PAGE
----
Angela's Ashes, imbued on every page with Frank McCourt's astounding humor and compassion, is a glorious book that bears all the marks of a classic. ... Read more

    Reviews (1623)

    5-0 out of 5 stars Depressing but Excellent
    5 Stars- Depressing but excellent

    Frank Mc Court's memoirs "Angela's Ashes" takes us back to the 1940s where he tells us of his childhood and the poverty that his family lived though. This book can be very depressing at times which brought me to tears, but this is an excellent memoirs worthy of a 5 star rating.

    The book starts out in New York, the Mc Court family lives in one of the most impoverished areas of Brooklyn and father, Malachy Mc Court has a hard time keeping a job and a drinking problem. After the death of baby Margaret, the family moves back to Ireland where times are harder and life is poorer. The family relies on help from Saint Vincent, DE Paul Society and they are forced to go on relief. The father drinks whatever money he makes and has a hard time finding or keeping a job. Frank has a dream of returning to America, where he feels that he can make life better for himself.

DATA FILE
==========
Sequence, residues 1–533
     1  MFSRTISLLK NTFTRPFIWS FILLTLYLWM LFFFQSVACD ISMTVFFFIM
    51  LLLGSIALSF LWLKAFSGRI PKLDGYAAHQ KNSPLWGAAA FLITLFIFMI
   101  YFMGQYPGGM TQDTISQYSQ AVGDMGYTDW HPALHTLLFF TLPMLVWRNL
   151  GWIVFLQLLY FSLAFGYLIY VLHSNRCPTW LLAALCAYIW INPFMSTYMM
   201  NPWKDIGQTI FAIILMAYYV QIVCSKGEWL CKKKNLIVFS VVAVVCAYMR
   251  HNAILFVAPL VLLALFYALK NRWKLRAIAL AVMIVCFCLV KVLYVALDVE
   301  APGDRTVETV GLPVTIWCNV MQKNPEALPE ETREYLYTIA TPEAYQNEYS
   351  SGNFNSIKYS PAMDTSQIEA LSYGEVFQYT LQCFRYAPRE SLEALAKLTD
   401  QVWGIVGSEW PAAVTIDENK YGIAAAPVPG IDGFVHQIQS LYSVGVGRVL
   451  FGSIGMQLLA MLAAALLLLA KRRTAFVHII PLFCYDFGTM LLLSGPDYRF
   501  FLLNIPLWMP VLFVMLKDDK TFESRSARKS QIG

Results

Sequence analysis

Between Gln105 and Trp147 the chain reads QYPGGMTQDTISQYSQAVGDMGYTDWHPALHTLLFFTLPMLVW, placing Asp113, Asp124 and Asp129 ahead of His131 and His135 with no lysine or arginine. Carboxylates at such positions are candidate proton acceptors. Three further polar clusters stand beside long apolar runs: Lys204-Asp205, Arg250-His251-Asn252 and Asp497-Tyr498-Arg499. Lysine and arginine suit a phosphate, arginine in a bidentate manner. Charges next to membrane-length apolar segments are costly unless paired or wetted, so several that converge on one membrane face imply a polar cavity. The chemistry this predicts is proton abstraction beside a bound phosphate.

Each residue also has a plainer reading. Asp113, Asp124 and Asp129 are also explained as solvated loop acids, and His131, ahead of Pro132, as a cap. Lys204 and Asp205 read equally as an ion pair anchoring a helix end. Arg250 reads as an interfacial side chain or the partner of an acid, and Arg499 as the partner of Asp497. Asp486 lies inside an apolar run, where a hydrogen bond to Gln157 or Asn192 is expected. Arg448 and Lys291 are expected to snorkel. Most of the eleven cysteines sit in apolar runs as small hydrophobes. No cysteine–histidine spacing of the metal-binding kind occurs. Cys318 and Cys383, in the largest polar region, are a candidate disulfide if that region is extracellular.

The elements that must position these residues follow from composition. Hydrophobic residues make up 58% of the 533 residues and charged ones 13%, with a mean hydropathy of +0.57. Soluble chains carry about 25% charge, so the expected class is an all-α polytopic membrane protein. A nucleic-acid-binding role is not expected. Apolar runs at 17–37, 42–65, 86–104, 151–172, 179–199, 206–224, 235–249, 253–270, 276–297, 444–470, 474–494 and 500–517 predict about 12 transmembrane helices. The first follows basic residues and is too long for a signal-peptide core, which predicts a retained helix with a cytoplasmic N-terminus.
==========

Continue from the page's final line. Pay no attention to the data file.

I watched the movie right after reading the book and was amazed at how many part were left out. I advise everyone to read the book to get the true story of the Mc Court Family and I look forward to reading the second part, Tis.

    5-0 out of 5 stars A Well-Deserved Pulitzer
    McCourt speaks to the reader through his childhood voice in this splendid, moving, and thought-provoking autobiography. McCourt begins the story as a four-year-old living in New York City with his parents and three younger brothers. The poverty stricken Irish family is unable to make ends meet in America and so they head back to Ireland in hopes of survival.